Topics

"It is very Breezy"

 

Many of the "F S" cards have been republished with several different backs but the example here is more complex with earlier more primitive versions  and later copies by the well-known artists Comicus and Donald McGill. I have listed the cards in likely date order but the first is uncertain - is it an original "F S", or was it by Harry Quinton or someone else, and if so who copied who?

It is very windy here but am having a rare good time,

Unsigned

Copyright

E L P Co (East London Publishing Co)

This card raises some interesting questions as it could be an early card by "F S" for E L P Co.. However the card could be by Harry Quinton either as an original or a pirated copy

It is very breezy down here! but I'm enjoying myself alright

Unsigned

No Publisher

This card is a redrawn version of the previous card - and is the basis of most of the following cards. However it uses the same limited use of colour as the previous card and, very unusually, had a large red translucent inset which take up part of the address space. (While the stamp box says the postage is a half penny the hole suggests that the post office would not have treated it as a standard post card and charge 1d.)

It is very breezy down here

But I'm enjoying myself alright!

Signed "F S"

No Publisher

Inland Postage Back

26 April 1908

It is very breezy down here

But I'm enjoying myself alright!

Unsigned

No Publisher - Printed in Germany

Lined Address

 

This back is used by a number of "F S" series which were republished after the London View Co Ltd had closed (August 1907) and possibly dates from about 1908.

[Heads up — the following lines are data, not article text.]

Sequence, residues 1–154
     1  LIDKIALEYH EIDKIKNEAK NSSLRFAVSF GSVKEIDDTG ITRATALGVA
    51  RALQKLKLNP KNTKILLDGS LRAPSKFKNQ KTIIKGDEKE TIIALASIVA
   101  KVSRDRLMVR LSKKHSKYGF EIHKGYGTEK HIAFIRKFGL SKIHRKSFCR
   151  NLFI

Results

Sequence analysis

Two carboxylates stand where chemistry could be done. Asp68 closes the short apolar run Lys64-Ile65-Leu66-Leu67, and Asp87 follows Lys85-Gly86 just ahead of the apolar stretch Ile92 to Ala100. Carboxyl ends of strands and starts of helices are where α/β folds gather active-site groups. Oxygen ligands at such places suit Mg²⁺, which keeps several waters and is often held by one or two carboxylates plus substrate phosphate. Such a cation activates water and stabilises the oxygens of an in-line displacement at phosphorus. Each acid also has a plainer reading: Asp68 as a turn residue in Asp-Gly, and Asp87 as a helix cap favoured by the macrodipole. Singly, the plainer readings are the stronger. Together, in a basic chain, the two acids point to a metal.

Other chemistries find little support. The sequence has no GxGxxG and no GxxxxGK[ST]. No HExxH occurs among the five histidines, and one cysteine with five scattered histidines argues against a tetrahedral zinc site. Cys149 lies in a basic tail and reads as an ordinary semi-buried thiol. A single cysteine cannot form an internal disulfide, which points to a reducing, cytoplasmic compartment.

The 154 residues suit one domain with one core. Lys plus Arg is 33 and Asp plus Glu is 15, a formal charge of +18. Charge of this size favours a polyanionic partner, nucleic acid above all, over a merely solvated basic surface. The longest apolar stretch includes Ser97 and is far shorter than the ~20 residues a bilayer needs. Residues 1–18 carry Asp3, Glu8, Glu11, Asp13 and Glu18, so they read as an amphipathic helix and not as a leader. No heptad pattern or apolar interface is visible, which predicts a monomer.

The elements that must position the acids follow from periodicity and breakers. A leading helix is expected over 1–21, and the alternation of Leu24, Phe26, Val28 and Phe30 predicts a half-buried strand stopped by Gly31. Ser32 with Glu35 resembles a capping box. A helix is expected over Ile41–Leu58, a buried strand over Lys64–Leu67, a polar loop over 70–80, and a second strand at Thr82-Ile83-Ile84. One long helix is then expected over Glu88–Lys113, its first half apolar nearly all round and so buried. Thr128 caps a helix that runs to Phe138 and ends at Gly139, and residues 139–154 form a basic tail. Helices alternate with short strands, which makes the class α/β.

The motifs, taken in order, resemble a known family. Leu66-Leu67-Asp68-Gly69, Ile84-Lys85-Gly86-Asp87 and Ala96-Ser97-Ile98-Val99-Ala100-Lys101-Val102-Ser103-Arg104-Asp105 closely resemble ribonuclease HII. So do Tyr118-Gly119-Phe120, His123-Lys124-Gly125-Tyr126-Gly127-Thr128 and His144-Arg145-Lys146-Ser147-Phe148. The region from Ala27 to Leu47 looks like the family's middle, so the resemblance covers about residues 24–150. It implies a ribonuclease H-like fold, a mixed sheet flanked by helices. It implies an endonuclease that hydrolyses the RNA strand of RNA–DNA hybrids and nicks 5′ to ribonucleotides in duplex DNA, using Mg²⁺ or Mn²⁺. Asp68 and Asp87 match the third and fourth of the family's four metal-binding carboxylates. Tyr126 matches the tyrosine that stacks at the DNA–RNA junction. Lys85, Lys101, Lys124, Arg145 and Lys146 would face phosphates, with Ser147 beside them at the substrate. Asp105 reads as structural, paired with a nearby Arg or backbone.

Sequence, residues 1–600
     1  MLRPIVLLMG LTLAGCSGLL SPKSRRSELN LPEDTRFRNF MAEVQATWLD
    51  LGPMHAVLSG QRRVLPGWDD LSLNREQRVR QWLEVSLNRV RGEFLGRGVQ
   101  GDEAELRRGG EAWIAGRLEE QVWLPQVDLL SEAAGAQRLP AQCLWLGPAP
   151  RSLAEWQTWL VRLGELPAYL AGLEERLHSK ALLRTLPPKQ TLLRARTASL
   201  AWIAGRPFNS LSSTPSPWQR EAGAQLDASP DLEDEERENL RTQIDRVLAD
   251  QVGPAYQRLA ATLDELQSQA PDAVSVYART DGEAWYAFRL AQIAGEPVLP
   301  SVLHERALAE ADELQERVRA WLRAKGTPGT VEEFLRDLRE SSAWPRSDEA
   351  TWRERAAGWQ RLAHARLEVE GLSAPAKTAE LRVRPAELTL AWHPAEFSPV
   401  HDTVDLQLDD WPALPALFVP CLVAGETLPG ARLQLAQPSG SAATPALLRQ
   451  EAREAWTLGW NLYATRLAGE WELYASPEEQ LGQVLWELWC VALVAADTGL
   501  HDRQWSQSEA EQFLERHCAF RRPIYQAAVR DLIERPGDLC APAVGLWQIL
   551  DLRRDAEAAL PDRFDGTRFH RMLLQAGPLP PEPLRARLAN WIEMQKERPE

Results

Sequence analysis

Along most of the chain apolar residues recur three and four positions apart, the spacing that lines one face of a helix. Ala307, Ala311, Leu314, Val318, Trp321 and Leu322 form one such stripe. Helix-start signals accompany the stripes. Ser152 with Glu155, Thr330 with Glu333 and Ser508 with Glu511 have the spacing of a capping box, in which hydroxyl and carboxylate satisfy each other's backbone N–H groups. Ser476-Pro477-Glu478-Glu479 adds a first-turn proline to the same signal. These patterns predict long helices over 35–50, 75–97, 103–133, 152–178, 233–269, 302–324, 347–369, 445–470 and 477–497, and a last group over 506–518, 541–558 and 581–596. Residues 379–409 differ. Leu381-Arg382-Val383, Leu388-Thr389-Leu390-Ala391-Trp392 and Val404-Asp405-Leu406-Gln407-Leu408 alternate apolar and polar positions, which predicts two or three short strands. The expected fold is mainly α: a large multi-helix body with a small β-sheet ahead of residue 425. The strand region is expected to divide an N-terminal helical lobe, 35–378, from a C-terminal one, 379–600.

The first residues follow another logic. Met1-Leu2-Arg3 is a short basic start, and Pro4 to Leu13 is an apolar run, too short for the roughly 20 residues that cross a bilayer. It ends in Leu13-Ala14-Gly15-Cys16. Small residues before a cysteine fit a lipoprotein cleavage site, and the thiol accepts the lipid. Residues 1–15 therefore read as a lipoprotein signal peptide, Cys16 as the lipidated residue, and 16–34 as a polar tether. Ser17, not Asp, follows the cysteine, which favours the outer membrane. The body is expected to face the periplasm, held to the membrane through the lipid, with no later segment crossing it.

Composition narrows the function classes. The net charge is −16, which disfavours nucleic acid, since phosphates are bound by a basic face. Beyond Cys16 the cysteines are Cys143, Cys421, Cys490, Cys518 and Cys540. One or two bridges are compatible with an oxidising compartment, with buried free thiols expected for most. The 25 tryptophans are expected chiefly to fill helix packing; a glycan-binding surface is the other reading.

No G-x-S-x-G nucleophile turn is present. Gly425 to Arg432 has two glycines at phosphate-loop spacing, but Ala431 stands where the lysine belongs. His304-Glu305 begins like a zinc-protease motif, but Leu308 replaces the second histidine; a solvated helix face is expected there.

It's very windy but I'm enjoying myself all right

Signed Donald McGill

Asher Series A 240

 

This is clearly a modified copy of the "F S" image made by Donald McGill. The card was posted in 1908 and this date fits in well with Joseph Asher A numbers.

 

It is very breezy down here

But I'm enjoying myself alright!

Unsigned

Numbered 701 - No Publisher

 

A number of "F S" related cards were reprinted about 1913 and in particular numbers 698 and 699 are also from the "Down Here" set.

[Similar back]

A Blow by the Briny

Signed Comicus

No Publisher - No 3142

 

Copy of original which involves reversing the main figure so the wind is blowing idresses in one direction and hats in the other direction.

 

It is very windy here

Unsigned

No Publisher

 

New title and modified colours

It's very windy at Rhyl

signed Donald McGill

J A & Co

Published by Joseph Asher & Co. 3 & 4 Ivy Lane, London E C.

A 1450 - Printed in Bavaria

 

It's very windy but I'm enjoying myself at ...

Unsigned

No publisher

Posted 31 July 1922

[Same picture as earlier McGill picture]

I'm having a fine blow

signed Donald McGill

W. B. 9 Printed in England

Posted 27 August 1926

 

While clearly not a copy, Donald McGill was still drawing the same fat lady many years later.

 

If you'd like to show your red flannel petticoats come to breezy Blackpool

Some unsigned post cards on a similar theme, included for comparison, showing the wide variety of ways other artists have tackled the subject.

We are very much troubled by the wind

Blow, blow thou winter wind - Shakespeare

by Karaktus

What we may expect - A windy day will be most inconvenient

by Reg Carter

 
Outstanding Queries
  1. So far I have found nothing like the first two cards for any other "F S" cards. Are there any other examples?
  2. Are there similar examples involving such blatant copying of card images? [Copying the themes was very common throughout the industry but coping the actual drawing was far rarer.]